Overview

This timeless tragedy follows the bloody path of the "rudely stamped" Richard, Duke of Gloucester, who uses his murderous guile to achieve the throne of England.



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Richard III

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Overview

This timeless tragedy follows the bloody path of the "rudely stamped" Richard, Duke of Gloucester, who uses his murderous guile to achieve the throne of England.



This edition features an overview of Shakespeare's works by Sylvan Barnet, former Chairman of the English Department at Tufts University, as well as a comprehensive stage and screen history, dramatic criticism from the past and present, and sources from which Shakespeare derived this great work.



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Product Details

  • ISBN-13: 9781440628481
  • Publisher: Penguin Group (USA)
  • Publication date: 8/1/2000
  • Sold by: Penguin Group
  • Format: eBook
  • Pages: 336
  • Sales rank: 388,963
  • File size: 593 KB

Meet the Author

WILLIAM SHAKESPEARE was born at Stratford upon Avon in April, 1564. He was the third child, and eldest son, of John Shakespeare and Mary Arden. His father was one of the most prosperous men of Stratford, who held in turn the chief offices in the town. His mother was of gentle birth, the daughter of Robert Arden of Wilmcote. In December, 1582, Shakespeare married Ann Hathaway, daughter of a farmer of Shottery, near Stratford; their first child Susanna was baptized on May 6, 1583, and twins, Hamnet and Judith, on February 22, 1585. Little is known of Shakespeare’s early life; but it is unlikely that a writer who dramatized such an incomparable range and variety of human kinds and experiences should have spent his early manhood entirely in placid pursuits in a country town. There is one tradition, not universally accepted, that he fled from Stratford because he was in trouble for deer stealing, and had fallen foul of Sir Thomas Lucy, the local magnate; another that he was for some time a schoolmaster.

From 1592 onwards the records are much fuller. In March, 1592, the Lord Strange’s players produced a new play at the Rose Theatre called Harry the Sixth, which was very successful, and was probably the First Part of Henry VI. In the autumn of 1592 Robert Greene, the best known of the professional writers, as he was dying wrote a letter to three fellow writers in which he warned them against the ingratitude of players in general, and in particular against an ‘upstart crow’ who ‘supposes he is as much able to bombast out a blank verse as the best of you: and being an absolute Johannes Factotum is in his own conceit the only Shake-scene in a country.’ This is the first reference to Shakespeare, and the whole passage suggests that Shakespeare had become suddenly famous as a playwright. At this time Shakespeare was brought into touch with Edward Alleyne the great tragedian, and Christopher Marlowe, whose thundering parts of Tamburlaine, the Jew of Malta, and Dr Faustus Alleyne was acting, as well as Hieronimo, the hero of Kyd’s Spanish Tragedy, the most famous of all Elizabethan plays.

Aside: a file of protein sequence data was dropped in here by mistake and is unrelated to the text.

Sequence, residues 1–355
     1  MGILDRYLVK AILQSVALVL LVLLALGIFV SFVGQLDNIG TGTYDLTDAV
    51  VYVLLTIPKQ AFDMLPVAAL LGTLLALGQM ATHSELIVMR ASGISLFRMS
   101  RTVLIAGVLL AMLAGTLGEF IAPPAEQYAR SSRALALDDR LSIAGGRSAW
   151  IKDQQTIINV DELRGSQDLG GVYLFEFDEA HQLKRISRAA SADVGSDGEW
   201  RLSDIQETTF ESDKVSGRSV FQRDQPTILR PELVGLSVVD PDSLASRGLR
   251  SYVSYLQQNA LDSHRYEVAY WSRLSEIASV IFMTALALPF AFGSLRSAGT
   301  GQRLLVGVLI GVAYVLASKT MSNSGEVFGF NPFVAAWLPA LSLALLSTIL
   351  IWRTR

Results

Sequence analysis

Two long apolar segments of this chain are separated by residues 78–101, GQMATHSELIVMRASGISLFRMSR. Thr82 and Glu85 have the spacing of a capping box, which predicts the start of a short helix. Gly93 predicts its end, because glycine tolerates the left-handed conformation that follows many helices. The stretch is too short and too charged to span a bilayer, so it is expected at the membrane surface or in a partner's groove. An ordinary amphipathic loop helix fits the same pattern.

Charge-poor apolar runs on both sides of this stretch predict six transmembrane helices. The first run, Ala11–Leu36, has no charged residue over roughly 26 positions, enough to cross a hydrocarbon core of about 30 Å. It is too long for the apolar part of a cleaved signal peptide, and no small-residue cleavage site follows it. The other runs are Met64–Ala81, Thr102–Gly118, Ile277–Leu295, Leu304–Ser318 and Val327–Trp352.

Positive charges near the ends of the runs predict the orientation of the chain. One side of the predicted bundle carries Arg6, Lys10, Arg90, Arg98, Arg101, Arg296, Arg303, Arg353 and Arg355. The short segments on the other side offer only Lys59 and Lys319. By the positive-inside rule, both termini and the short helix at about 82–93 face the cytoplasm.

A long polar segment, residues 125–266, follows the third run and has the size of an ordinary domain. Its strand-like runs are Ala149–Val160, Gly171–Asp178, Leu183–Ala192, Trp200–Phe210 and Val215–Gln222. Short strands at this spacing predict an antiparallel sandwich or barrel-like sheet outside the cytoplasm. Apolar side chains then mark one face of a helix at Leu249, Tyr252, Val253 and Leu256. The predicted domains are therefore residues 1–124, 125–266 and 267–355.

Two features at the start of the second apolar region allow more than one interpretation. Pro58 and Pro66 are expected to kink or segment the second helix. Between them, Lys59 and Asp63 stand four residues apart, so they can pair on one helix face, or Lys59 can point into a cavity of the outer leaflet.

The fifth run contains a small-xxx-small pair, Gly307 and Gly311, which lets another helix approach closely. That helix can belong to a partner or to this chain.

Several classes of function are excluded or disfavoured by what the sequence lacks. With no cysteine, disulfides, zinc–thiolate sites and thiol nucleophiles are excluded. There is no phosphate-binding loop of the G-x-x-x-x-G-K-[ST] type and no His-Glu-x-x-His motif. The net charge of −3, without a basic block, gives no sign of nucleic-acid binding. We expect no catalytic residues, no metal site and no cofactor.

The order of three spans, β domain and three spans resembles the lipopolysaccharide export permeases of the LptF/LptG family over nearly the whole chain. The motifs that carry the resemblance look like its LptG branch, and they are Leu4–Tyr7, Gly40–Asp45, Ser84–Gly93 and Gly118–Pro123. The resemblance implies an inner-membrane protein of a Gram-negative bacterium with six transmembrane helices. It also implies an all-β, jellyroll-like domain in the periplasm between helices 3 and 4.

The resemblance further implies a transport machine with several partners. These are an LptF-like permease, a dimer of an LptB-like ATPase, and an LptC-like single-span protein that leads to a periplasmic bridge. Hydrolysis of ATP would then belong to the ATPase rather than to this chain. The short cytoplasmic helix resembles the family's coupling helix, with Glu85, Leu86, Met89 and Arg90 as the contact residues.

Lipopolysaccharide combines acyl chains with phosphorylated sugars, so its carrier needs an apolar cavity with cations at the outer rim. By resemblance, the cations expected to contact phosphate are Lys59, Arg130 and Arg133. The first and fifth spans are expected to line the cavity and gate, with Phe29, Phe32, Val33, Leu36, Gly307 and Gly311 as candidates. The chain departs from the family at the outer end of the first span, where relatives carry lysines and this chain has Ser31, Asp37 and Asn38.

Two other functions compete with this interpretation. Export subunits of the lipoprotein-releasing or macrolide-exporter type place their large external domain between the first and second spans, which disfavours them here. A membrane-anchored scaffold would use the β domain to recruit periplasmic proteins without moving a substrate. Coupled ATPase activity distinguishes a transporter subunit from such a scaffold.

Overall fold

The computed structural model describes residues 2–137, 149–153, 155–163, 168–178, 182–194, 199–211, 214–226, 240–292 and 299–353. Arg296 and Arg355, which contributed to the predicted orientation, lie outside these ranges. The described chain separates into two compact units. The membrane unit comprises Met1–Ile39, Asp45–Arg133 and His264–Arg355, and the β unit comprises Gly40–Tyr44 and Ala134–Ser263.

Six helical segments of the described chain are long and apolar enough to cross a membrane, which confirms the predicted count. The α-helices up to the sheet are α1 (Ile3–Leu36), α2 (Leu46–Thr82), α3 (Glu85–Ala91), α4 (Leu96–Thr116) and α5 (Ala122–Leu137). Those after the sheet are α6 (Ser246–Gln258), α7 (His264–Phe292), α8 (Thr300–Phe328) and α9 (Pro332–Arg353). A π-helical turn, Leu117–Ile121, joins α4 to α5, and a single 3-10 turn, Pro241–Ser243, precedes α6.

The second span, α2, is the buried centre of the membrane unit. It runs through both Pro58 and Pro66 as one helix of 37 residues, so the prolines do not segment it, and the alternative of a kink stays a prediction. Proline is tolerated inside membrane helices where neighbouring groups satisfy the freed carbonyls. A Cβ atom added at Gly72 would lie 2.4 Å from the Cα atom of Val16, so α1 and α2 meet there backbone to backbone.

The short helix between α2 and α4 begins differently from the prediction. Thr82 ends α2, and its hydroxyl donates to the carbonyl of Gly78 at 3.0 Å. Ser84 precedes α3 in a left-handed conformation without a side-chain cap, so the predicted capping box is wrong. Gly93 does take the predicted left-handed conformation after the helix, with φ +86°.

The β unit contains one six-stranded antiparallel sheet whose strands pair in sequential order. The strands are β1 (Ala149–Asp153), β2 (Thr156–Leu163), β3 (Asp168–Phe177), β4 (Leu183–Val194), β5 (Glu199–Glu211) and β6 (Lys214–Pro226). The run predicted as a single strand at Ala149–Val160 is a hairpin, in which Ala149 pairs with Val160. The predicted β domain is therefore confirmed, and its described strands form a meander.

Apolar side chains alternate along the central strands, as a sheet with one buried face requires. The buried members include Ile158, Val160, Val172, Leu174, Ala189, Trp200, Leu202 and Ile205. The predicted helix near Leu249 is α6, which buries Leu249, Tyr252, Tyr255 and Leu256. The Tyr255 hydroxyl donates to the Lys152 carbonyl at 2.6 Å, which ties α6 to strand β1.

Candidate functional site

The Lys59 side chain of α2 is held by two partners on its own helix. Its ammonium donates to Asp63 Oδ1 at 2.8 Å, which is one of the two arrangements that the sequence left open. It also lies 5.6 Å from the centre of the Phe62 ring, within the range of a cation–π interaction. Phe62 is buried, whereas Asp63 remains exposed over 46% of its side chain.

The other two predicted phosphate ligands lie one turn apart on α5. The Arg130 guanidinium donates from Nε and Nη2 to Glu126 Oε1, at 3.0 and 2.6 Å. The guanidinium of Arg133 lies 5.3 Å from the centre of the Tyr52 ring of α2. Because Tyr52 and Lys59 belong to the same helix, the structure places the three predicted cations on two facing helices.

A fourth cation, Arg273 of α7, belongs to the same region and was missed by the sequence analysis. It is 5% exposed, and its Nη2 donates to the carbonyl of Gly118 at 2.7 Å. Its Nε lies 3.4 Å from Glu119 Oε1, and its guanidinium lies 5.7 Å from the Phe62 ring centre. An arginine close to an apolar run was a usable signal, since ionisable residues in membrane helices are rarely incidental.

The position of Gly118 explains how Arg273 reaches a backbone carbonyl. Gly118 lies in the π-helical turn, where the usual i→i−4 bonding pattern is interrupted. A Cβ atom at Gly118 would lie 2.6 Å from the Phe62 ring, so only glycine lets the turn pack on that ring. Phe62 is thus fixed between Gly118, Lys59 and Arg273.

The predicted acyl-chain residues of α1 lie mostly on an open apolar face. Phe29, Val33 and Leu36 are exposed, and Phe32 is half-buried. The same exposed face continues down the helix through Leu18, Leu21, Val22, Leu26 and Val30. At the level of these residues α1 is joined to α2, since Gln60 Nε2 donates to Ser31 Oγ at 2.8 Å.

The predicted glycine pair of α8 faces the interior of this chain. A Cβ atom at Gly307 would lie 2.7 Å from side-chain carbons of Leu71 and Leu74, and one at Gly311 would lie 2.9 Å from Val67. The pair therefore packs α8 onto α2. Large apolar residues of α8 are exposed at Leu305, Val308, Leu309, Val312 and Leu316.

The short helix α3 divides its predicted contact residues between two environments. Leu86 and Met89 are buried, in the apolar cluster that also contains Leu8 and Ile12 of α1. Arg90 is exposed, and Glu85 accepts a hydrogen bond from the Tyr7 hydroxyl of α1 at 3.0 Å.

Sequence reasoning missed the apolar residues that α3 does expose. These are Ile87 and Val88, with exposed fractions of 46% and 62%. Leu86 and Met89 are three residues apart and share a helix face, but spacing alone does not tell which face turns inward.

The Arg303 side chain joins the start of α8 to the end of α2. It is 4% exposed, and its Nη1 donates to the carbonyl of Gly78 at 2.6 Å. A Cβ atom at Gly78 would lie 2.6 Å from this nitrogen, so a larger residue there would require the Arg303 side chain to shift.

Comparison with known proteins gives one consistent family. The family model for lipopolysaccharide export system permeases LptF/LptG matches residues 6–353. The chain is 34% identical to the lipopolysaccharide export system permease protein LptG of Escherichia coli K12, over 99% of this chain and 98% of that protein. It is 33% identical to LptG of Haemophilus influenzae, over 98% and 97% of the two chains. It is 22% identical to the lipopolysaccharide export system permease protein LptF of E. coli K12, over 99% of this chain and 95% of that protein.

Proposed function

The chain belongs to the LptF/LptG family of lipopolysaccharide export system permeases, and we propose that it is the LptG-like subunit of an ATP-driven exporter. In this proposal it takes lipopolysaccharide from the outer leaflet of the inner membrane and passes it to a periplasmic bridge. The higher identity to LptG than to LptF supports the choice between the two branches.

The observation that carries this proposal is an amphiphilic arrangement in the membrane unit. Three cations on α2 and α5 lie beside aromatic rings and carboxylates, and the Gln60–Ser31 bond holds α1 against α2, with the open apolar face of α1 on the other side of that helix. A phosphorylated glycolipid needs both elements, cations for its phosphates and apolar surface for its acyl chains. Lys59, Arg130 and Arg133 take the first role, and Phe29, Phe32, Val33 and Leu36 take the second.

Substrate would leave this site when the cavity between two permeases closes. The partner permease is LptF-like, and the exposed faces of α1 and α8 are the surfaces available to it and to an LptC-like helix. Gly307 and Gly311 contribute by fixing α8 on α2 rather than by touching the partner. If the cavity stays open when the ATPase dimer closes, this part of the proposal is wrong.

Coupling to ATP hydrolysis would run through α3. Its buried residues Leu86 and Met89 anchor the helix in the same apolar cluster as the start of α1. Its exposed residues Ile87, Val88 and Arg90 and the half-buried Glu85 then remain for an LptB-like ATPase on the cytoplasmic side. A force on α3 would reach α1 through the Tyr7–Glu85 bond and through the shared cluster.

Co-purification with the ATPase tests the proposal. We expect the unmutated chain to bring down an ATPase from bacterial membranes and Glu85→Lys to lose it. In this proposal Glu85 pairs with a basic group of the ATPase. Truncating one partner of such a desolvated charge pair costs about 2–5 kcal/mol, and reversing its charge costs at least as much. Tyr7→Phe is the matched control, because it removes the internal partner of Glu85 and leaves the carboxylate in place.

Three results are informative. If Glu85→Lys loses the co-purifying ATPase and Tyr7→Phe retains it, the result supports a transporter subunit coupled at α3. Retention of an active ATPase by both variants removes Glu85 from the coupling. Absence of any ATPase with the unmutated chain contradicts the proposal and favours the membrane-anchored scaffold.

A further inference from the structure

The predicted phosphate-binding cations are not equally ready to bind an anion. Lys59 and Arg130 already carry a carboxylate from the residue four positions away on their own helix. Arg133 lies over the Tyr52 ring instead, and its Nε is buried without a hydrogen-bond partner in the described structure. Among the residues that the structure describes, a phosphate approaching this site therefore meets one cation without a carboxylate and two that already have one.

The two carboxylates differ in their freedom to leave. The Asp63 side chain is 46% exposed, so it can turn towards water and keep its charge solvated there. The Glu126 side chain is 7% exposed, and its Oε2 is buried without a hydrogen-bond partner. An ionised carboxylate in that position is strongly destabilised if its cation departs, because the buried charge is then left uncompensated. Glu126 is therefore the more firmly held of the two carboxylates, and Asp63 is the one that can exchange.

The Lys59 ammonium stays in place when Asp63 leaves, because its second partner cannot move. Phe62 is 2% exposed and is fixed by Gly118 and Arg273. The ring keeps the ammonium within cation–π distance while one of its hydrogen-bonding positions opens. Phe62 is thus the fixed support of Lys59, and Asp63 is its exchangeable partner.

In April, 1593, Shakespeare published his poem Venus and Adonis, which was dedicated to the young Earl of Southampton: it was a great and lasting success, and was reprinted nine times in the next few years. In May, 1594, his second poem, The Rape of Lucrece, was also dedicated to Southampton.



There was little playing in 1593, for the theatres were shut during a severe outbreak of the plague; but in the autumn of 1594, when the plague ceased, the playing companies were reorganized, and Shakespeare became a sharer in the Lord Chamberlain’s company who went to play in the Theatre in Shoreditch. During these months Marlowe and Kyd had died. Shakespeare was thus for a time without a rival. He had already written the three parts of Henry VI, Richard III, Titus Andronicus, The Two Gentlemen of Verona, Love’s Labour’s Lost, The Comedy of Errors, and The Taming of the Shrew. Soon afterwards he wrote the first of his greater plays – Romeo and Juliet – and he followed this success in the next three years with A Midsummer Night’s Dream, Richard II, and The Merchant of Venice. The two parts of Henry VI, introducing Falstaff, the most popular of all his comic characters, were written in 1597–8.



The company left the Theatre in 1597 owing to disputes over a renewal of the ground lease, and went to play at the Curtain in the same neighbourhood. The disputes continued throughout 1598, and at Christmas the players settled the matter by demolishing the old Theatre and re-erecting a new playhouse on the South bank of the Thames, near Southwark Cathedral. This playhouse was named the Globe. The expenses of the new building were shared by the chief members of the Company, including Shakespeare, who was now a man of some means. In 1596 he had bought New Place, a large house in the centre of Stratford, for £60, and through his father purchased a coat-of-arms from the Heralds, which was the official recognition that he and his family were gentlefolk.